• Daniel, thanks for the image of the multi-tasking 🙂 Yes, we all do it in our own different ways. The commitment to inner growth leads us on a beautiful path with flowers and blue skies, but often with some chilly and dark nights 🙂 Thanks for sharing!

  13. I knew going into my journey with yoga that it would take time, energy, and commitment. Commitment can be very challenging in my daily life; commitment to eating healthy, commitment to making time for loved ones, and commitment to make time for myself. I know that I should do a better job at keeping my commitments to myself and others. Yoga teaches us that commitment is about change that needs to come from within. Changing my habit ( Samskaras) may be helpful in reaching a short term goal in my yoga practice ; such as becoming aware of proper alignment. I have recently have been made aware that when I stand my right foot slightly protrudes out to the right which causes my feet to not be parallel. I have made a commitment to myself to become more aware of that and in return will have better form and possibly save my hips from pain in the future. My Commitment to my study of yoga is hard with a full time job. I have had to make time out of my day to study a chapter before bed and get up 30 mins earlier than I normally would to work on my personal yoga practice. This take commitment and it can be challenging with the fast pace life I live. I have made a commitment to myself to study yoga every night whether it is reading a chapter or two, or making sure I do my yoga practice.

    • I like how you relate to commitment to many different parts of your life: from your foot to your personal practice. Patanjali later reminds us to choose “eka”, or one thing at a time so that we can fully commit. Your commitment to yoga has been spectacular!

  14. I fear that I have always hovered in the realm of ideas, rarely passing over to their implementation through action. It is important to stay mindful and dedicated to the task at hand, otherwise my mind gets ahead of itself and tries to conquer or sequester ten different thought patterns at once.

    I am committed to empowering others to be themselves and to share who they really are with others in compassionate and passionate exchanges. I am committed to investigating the mind, regardless of how complex as a task as that has proven itself to be over the years. I am committed to learning from my experiences, accepting my mistakes, and slowly clearing my mind to engage more and more mindfully in each new moment.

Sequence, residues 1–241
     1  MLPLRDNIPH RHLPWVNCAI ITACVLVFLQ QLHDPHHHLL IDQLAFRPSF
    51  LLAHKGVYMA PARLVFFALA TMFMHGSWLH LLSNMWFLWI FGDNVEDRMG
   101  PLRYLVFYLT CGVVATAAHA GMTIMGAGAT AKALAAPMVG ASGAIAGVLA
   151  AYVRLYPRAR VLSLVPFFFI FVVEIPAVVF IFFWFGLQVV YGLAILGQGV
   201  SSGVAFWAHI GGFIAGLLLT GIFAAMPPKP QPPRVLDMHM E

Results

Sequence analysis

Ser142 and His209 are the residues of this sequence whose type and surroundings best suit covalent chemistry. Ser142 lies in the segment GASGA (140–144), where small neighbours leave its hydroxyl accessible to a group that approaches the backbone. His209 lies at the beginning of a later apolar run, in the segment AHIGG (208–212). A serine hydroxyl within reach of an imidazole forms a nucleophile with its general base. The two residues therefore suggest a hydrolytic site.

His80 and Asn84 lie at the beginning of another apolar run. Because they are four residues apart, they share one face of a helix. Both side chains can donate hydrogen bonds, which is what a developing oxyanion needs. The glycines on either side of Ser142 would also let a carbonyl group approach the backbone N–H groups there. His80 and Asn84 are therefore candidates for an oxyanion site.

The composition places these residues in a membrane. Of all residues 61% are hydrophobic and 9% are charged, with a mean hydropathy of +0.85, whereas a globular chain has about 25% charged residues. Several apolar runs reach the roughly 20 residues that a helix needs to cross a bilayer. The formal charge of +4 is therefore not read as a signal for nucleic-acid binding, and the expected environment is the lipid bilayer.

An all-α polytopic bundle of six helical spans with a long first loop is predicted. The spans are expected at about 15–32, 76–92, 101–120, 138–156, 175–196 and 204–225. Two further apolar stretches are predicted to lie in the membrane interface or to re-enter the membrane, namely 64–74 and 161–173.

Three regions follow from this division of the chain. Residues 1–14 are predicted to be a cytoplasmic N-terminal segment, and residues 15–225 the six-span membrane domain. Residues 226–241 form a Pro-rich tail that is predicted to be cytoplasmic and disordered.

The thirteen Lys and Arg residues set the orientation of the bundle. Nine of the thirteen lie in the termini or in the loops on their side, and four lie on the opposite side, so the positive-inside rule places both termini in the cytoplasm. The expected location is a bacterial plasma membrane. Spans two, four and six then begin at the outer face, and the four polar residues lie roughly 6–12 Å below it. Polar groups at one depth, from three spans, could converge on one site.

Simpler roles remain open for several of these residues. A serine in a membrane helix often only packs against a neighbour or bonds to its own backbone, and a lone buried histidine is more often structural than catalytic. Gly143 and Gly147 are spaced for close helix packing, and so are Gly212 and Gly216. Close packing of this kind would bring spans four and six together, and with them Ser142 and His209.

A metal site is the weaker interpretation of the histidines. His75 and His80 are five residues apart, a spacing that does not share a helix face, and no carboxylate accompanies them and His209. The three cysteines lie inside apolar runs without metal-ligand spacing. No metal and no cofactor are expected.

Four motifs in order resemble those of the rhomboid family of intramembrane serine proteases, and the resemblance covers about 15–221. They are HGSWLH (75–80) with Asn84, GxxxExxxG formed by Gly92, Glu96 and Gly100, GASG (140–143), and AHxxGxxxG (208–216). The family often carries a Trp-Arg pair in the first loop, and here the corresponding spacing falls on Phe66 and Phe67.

• Hi Lynda, your passion towards learning about the mind is wonderful, you have shown it throughout the past few months. Remember that yoga is an experiential process so the more specific we can be about our commitments, the more likely it is we will be successful in committing. Thanks for sharing 🙂

  15. Its too bad I’m responding to this conversation so late bc I relate to it so strongly. I think the timing is perfect however bc this is an area of my life iof weakness that I have been facing. I am the classic overacheiver and overcommiter. I follow through on the things I can…but often cant follow through on everything I want to…at least not in the timing planned. This results in chronic lateness and disappointing others. I never really saw the impact until recently and I’m being called to change. Life and its timing is so beautiful now that I have started this yoga journey ready to commit connect and act! On this I will follow through 🙂

    • Hi Jess, I definitely see the change in the past few months. You have committed to some things and have taken action to change! I see your commitment as an aspiring yoga teacher and it’s touching! About the overachieving, recognize when life is giving you more time to do things even if you would have liked to do them faster…often it is a blessing…